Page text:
Sustained funding is an essential part of the discovery engine, especially for ambitious long-term projects pursued by Donnelly Centre investigators. I congratulate my colleagues for securing these competitive research grants, which will allow them to continue to reveal foundational insights that will underpin medicine of the future.
Stephane Angers, Director, Donnelly Centre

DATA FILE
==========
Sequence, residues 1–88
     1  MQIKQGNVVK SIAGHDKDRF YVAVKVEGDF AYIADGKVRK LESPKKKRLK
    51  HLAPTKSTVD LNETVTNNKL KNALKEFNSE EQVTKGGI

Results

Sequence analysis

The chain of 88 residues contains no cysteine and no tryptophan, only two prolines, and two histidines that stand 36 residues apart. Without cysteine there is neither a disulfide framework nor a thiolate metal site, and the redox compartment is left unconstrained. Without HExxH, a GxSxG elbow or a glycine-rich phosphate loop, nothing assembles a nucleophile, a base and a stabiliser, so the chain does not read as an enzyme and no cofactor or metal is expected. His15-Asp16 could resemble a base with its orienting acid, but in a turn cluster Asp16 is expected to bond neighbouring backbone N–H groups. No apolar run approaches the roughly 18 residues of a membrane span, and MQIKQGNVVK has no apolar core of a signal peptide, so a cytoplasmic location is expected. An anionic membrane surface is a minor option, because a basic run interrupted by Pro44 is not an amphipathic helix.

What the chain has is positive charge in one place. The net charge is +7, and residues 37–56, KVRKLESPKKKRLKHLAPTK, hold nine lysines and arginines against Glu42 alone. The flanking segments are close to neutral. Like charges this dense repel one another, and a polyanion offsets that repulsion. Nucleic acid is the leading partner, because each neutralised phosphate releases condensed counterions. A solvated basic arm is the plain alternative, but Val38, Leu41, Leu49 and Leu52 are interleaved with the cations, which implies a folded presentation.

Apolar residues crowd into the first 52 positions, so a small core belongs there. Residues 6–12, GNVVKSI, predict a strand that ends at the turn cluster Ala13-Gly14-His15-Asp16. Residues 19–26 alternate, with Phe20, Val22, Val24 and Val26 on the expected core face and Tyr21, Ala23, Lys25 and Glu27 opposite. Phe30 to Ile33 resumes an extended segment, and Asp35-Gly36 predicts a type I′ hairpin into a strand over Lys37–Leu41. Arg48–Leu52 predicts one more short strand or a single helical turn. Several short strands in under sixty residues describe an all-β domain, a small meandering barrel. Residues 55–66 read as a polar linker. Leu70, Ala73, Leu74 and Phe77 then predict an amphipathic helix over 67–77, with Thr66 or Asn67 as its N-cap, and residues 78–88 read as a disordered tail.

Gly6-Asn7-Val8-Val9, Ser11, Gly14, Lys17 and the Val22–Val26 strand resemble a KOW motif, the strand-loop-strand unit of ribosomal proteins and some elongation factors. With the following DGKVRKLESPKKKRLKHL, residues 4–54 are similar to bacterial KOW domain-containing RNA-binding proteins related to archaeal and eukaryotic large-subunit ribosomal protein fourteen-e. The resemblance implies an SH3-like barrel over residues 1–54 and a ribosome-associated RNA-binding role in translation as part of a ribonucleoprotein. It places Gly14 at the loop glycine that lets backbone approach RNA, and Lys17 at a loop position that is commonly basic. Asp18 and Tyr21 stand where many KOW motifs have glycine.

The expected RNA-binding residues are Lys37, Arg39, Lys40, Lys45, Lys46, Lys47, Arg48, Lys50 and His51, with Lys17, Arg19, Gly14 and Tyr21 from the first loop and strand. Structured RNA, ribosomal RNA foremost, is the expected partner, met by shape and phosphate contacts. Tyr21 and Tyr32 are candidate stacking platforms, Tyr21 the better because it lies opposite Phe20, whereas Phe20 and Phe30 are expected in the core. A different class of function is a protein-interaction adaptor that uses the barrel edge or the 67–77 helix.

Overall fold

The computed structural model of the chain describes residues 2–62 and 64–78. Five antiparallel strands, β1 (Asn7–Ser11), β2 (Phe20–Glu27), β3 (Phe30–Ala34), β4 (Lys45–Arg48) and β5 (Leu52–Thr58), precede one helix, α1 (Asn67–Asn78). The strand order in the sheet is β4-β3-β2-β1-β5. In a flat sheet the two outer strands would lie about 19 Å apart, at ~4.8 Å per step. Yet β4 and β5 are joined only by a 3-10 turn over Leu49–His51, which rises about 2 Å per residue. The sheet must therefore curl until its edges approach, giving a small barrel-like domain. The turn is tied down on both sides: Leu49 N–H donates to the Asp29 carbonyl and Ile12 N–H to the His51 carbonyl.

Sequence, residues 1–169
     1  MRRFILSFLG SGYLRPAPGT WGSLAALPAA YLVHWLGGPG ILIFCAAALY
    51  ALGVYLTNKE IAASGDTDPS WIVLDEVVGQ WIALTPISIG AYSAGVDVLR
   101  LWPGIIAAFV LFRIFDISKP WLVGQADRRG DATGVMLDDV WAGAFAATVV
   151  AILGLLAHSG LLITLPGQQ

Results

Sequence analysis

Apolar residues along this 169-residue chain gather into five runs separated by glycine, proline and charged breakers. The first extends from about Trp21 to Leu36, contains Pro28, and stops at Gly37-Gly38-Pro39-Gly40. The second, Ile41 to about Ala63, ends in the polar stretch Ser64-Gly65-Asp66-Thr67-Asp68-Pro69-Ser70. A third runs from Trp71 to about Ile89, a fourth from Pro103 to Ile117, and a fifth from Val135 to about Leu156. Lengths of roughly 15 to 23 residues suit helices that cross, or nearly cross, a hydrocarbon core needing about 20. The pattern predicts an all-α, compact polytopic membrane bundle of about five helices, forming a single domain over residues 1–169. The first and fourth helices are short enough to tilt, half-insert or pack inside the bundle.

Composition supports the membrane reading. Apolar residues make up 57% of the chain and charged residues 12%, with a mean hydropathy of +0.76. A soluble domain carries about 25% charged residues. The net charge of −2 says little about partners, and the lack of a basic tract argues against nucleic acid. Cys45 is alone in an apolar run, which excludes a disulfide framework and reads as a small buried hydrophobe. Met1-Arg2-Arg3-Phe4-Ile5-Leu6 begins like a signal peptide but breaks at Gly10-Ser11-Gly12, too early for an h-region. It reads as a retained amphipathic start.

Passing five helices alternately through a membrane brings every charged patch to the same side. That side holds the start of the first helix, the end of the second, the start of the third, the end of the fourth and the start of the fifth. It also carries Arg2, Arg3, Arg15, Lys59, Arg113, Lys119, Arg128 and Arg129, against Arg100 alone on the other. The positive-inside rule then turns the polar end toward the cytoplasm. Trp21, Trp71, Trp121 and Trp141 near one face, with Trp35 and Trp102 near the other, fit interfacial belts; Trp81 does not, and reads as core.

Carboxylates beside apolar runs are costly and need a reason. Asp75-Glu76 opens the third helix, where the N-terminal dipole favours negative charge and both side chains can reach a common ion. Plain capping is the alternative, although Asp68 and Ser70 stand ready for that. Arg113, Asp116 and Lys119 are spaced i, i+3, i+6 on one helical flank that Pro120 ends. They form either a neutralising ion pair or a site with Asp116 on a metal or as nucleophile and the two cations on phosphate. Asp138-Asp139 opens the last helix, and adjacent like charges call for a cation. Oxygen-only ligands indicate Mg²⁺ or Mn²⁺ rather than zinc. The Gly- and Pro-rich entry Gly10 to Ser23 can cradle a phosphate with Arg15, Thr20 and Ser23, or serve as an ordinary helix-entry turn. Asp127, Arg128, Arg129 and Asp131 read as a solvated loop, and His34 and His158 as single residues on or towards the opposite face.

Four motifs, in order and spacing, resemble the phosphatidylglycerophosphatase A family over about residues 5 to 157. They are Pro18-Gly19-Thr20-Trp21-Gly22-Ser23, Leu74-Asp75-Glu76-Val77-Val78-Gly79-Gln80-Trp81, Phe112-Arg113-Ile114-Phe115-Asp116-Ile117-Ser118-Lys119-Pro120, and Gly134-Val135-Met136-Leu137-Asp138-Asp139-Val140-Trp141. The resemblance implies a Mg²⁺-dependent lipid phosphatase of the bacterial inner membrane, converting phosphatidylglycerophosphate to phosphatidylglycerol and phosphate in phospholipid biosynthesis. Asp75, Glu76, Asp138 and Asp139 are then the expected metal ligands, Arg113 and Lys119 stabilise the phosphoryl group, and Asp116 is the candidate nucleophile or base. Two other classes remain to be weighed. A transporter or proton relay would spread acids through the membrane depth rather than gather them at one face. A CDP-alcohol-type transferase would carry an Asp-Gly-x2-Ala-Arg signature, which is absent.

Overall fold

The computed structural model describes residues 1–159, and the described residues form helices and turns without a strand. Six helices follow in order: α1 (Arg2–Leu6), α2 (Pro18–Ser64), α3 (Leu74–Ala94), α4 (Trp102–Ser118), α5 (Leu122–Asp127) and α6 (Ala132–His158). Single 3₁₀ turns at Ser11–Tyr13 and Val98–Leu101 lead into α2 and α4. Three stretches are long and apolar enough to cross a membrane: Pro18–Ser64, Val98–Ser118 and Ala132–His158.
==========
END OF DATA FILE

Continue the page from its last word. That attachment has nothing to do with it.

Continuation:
Andrews’ long-term collaborator Charlie Boone, a professor of molecular genetics in the Centre, is addressing the same challenge, but from another angle. The two are globally renowned for their study of genetic interactions in cells, which hold clues to how genes work together, and which are influenced by genome variation. In a previous project that took over 15 years to complete, they took advantage of the experimental tractability of yeast to establish the first global genetic interaction map for any organism, which is also the only complete map available for any eukaryotic cell. In collaboration with Jason Moffat, also a professor of molecular genetics in the Centre, and Chad Myers, a professor of computational biology at the University of Minnesota, they are now building the first reference map for human cells. The resulting  network will help reveal which human genes work together to impact cell function and ultimately disease risk. The work involves painstakingly deleting genes from cells, either individually or in all possible pairwise combinations. Two genes are said to interact if the effect of a double deletion is different from that caused by either deletion alone. Because interacting genes tend to be involved in the same cellular processes, the map will also help reveal gene function, which remains unknown for numerous human genes.